• Planning digital hangouts through video conferencing where you can play games, watch a movie, or just joke around together.

Though physically apart, our efforts to come together against all odds will make our social relations even stronger.


Each person, based on their background and previous lived experiences, is dealing with this difficult situation in a different way. Be kind to yourself and to others when experiencing mental health challenges during times like these.

If you are feeling anxiety and stress, there is support out there for you. The first step for many people is opening up to someone they trust, such as a friend or family member, and engaging in courageous conversations about mental health. It’s OK not to be OK, it’s OK to be vulnerable and it’s OK to ask for help, because no one should go through their emotions and their struggles on their own. Remember, you are not alone. We’re all in this together.

There are several resources available to help you navigate your mental wellness during the COVID-19 crisis: 

  • Call 310Mental Health Support at 310-6789 for emotional support, information, and resources specific to mental health. 
  • Call Bounce Back toll-free at 1-866-639-0522 for people experiencing symptoms of mild to moderate depression, low mood, or stress, with or without anxiety.
  • Access online and phone support through Foundry BC for young people ages 12-24.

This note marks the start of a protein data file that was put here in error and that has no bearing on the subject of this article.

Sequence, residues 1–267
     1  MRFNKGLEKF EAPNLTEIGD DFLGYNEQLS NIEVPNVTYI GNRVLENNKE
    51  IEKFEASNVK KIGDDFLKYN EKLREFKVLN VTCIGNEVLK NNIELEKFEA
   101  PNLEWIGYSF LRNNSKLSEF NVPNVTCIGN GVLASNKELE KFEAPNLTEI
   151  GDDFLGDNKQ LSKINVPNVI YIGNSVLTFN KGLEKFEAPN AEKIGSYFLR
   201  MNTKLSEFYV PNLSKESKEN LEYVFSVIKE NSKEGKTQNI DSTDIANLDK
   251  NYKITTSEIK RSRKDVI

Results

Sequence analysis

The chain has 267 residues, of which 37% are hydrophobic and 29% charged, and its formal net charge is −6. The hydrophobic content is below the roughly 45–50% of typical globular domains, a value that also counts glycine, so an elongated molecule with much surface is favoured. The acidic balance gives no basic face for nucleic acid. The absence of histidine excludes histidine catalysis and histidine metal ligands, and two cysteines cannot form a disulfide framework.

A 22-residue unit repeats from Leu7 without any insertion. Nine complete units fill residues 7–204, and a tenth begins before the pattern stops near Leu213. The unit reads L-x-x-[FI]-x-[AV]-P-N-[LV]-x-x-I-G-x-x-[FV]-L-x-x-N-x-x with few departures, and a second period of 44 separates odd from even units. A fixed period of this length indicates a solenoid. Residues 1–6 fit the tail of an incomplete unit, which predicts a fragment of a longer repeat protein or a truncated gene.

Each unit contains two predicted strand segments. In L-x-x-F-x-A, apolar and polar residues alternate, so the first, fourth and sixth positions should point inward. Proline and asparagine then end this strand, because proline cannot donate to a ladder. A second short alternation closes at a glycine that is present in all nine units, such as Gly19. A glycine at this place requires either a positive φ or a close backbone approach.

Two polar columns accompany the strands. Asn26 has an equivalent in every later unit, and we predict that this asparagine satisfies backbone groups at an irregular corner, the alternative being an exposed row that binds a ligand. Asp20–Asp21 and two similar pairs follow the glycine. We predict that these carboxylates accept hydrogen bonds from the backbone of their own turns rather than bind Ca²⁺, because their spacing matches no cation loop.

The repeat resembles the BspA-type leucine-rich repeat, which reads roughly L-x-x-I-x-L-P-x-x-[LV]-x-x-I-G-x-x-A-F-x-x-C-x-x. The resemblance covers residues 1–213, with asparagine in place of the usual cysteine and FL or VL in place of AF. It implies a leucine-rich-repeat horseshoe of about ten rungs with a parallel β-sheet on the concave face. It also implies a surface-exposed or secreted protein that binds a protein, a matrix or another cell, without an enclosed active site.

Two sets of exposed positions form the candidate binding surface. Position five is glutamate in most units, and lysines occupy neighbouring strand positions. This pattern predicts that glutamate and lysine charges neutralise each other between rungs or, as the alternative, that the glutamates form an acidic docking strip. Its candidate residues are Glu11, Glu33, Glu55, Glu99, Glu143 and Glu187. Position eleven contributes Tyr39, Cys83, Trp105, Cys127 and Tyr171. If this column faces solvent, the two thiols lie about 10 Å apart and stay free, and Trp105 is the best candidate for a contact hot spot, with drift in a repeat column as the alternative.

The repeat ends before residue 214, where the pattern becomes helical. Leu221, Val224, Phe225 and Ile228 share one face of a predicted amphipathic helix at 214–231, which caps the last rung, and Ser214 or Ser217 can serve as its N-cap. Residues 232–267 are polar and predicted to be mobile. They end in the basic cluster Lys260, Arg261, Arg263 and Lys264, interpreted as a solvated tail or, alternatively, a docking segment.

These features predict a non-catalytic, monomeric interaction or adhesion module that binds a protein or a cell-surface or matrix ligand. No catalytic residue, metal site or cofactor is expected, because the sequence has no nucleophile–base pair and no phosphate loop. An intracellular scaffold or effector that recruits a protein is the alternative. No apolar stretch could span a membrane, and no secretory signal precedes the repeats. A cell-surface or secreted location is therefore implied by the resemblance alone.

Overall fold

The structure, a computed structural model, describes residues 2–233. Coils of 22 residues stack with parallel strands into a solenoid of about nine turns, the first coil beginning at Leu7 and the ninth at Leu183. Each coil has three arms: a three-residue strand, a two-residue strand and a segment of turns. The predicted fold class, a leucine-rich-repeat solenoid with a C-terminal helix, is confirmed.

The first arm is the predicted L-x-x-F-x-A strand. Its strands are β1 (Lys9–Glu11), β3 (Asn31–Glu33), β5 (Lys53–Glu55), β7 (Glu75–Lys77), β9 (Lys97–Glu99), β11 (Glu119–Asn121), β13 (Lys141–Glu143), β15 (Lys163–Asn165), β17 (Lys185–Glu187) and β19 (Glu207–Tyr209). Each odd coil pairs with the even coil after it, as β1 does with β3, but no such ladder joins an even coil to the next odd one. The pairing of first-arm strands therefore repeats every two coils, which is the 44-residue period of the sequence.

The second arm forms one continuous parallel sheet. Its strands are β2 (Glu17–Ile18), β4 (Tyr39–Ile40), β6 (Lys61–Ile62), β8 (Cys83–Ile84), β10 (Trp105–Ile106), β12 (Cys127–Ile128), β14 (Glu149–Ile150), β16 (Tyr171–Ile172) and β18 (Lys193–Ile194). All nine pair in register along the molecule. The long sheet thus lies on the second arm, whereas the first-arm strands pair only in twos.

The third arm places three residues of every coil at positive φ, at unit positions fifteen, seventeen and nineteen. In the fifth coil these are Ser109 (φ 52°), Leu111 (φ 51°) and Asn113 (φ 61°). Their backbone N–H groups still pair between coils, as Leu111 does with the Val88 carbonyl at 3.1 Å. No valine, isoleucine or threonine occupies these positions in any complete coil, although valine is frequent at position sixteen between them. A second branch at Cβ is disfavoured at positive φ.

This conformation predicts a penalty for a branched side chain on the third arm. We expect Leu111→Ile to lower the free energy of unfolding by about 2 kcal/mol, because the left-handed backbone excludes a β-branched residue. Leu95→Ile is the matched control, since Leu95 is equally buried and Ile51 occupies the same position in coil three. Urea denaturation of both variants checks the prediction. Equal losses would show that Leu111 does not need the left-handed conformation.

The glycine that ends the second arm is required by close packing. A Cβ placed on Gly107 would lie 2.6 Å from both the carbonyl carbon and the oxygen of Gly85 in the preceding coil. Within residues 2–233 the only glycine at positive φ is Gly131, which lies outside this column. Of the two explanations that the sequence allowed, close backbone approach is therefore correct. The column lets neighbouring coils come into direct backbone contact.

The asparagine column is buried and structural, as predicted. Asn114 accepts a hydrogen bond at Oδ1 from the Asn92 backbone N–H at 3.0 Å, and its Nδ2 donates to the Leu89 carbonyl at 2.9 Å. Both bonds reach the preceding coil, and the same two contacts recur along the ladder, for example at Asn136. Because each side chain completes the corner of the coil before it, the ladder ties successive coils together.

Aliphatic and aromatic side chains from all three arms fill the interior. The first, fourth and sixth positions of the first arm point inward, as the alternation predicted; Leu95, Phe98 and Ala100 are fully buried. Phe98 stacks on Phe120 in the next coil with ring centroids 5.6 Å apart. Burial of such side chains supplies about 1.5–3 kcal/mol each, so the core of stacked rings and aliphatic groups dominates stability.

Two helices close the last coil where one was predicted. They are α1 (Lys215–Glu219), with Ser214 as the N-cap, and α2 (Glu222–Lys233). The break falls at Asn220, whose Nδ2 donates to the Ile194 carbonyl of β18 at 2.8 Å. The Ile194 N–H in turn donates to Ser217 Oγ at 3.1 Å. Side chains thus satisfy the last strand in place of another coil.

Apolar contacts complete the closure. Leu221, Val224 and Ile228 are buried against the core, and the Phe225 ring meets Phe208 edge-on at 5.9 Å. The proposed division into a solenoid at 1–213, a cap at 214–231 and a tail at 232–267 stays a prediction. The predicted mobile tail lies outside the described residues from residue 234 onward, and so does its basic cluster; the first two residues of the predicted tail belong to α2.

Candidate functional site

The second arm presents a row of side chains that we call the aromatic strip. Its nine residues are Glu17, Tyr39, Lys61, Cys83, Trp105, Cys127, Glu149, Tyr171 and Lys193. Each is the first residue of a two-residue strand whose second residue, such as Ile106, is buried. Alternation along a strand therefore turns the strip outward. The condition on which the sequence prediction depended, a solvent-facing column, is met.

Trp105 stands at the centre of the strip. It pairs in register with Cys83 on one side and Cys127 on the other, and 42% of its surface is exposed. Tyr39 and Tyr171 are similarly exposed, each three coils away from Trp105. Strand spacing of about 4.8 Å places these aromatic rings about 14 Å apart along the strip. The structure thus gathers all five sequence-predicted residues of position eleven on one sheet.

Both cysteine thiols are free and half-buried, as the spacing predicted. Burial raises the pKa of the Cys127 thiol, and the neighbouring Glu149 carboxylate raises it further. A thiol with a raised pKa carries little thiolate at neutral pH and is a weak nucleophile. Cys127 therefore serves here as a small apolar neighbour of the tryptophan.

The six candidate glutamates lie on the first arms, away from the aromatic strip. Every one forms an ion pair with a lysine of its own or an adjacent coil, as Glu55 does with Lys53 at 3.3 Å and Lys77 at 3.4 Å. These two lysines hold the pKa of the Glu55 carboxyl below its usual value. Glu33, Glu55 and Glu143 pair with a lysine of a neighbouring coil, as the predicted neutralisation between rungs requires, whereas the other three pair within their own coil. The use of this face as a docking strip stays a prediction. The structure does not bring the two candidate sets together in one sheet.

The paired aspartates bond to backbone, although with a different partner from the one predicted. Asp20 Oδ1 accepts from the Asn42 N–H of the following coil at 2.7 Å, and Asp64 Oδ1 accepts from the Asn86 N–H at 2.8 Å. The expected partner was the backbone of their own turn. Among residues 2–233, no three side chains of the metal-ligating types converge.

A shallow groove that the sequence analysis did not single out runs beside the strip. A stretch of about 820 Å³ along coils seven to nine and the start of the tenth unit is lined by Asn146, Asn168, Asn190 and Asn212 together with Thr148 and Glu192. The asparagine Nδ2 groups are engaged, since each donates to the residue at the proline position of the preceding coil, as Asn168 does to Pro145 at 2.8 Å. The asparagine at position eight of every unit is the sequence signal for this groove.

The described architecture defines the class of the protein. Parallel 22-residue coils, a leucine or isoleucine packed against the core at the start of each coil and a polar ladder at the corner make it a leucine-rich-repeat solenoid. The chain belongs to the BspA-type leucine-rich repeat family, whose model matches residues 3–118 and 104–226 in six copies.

• Call Crisis Intervention and Suicide Prevention Centre at 1-800-SUICIDE (784-2433) if you are experiencing feelings of distress or despair, including thoughts of suicide.
  • Call the KUU-US Crisis Response Service at 1-800-588-8717 for culturally-aware crisis support for Indigenous people in B.C.
  • Mental Health Digital Hub provides information, services, and education and awareness about mental health and substance use for adults, youth, and children. 
  • Heretohelp provides information about managing mental illness and maintaining good mental health, including self-management resources and screening self-tests for wellness, mood, anxiety, and risky drinking.  

Physical distancing means spending more time at home. Home isn't always a safe place for everyone. Physical, verbal, or sexual abuse at any time, at any age, or in any relationship is not okay. 

  • Call VictimLinkBC at 1-800-563-0808 for confidential support, information, and referral services if you are feeling unsafe at home. 
  • Children and teens can call the Kids Help Phone to speak to a counsellor day or night at 1-800-668-6868. 
  • Call 9-1-1 or your local emergency number if you or someone you know is in immediate danger.    

For COVID-19 information and support, take a look at these resources:

  • Use the COVID-19 Self-Assessment Tool if you are concerned due to your own health or personal situation, or if you may have been exposed to or are experiencing symptoms of COVID-19. 
  • Call 8-1-1 if you need medical information related to COVID-19 or other medical circumstances. 
  • Call 1-888-COVID19 for other non-medical information on COVID-19 – from travel recommendations to social distancing. See BCCDC’s information about COVID-19